Urinary Pregnancy test for testicular cancer
While agreeing with Harris et al  that testis cancer is a rare
cause of gynaecomastia in men, not all men with hCG producing germ cell
tumours of the testis have testis lesions detectable on ultrasound due to
“spontaneous regression” of the primary tumour . These cases can be
rapidly lethal if unsuspected  and can present to general surgeons with
abdominal pain, physicians with haemoptysis or symptoms of cerebral
metastasis, or orthopaedic surgeons with back pain or signs of spinal cord
compression. We would recommend a urinary pregnancy test, available in all
casualty departments, to provide instant results, although a negative test
does not rule out the diagnosis .
We would also advise one other test to exclude testis cancer in a
patient with gynaecomastia, serum gonadotrophins, as it is not certain
that in either of their cases was the hCG high enough to be the cause.
Testicular atrophy can induce elevation of leutenising hormone acting on
the adrenal gland to increase oestrogen synthesis. Atrophy is present in
more than two thirds of patients at diagnosis and thought to be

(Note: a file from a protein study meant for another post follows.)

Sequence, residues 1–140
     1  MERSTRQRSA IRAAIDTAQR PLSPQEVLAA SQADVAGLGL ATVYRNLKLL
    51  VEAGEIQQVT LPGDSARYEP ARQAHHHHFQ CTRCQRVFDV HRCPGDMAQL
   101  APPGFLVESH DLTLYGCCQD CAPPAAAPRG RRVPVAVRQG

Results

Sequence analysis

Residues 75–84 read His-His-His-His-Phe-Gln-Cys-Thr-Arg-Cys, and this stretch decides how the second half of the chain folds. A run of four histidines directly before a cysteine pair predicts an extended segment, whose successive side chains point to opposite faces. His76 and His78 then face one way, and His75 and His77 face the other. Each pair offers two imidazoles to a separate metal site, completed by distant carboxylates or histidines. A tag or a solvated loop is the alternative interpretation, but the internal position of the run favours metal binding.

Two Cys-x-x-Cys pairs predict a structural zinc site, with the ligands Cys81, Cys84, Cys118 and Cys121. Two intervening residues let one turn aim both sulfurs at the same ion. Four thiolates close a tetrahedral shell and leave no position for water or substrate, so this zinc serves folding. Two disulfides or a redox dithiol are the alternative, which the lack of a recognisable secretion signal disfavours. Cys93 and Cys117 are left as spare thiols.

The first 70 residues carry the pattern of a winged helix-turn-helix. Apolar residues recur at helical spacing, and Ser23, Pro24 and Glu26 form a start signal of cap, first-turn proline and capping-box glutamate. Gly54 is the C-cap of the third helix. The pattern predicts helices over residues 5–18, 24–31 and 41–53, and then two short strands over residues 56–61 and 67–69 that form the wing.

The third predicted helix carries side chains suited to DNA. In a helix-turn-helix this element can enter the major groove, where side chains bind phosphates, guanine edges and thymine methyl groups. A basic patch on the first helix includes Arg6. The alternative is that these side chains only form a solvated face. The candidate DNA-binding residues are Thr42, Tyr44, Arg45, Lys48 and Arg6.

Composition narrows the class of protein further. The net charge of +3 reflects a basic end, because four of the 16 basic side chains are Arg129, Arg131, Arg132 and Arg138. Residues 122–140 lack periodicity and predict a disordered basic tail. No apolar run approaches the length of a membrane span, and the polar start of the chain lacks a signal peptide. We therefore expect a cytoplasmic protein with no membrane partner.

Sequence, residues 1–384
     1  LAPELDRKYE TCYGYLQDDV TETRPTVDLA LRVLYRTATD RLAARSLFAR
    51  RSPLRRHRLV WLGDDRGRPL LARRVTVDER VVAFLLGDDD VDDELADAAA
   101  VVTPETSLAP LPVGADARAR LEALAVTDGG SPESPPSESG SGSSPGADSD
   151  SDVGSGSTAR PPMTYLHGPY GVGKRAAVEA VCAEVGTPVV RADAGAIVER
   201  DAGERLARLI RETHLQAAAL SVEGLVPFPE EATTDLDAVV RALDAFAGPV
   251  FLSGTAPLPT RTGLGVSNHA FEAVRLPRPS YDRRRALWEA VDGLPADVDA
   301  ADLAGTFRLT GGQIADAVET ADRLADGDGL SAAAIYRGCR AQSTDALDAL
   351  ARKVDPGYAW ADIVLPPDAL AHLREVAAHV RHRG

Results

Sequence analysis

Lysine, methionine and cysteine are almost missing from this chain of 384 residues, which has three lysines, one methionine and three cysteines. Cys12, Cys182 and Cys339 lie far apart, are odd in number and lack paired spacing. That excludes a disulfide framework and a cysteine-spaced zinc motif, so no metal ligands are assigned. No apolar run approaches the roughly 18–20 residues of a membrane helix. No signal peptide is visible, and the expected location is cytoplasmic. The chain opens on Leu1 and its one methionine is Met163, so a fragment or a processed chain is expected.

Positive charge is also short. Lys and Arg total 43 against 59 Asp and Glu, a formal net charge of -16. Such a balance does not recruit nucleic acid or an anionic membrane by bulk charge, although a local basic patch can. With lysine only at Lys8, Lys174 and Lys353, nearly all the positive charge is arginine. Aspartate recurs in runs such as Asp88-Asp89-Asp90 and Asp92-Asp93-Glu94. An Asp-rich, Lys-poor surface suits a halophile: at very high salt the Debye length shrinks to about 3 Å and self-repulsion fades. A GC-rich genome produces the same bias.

aetiologically significant . Such patients often require testosterone
replacement for symptoms of premature andropause.
1. Harris M, Rizvi S, Hindmarsh J, Bryan R. Testicular tumour
presenting as gynaecomastia. BMJ 2006;332:837.
2. Azzopardi JG, Hoffbrand AV. Retrogression in testicular seminoma
with viable metastases. J Clin Pathol 1965;18:135.
3. Raja MA, Oliver RTD, Blomley M. Hurricane growth of malignant
trophoblastic teratoma. Postgraduate Medical Journal 1993;69:472-3.
4. Caulfield MJ, Dilkes MG, Iles RK, Handel BT, Oliver RTD. Rapid
diagnosis of testicular choriocarcinoma by urinary pregnancy tests. In:
5. Oliver RT, Oliver JC. Endocrine hypothesis for declining sperm
count and rising incidence of cancer [letter] Lancet, 1996; 347:339-40.
Competing interests: No competing interests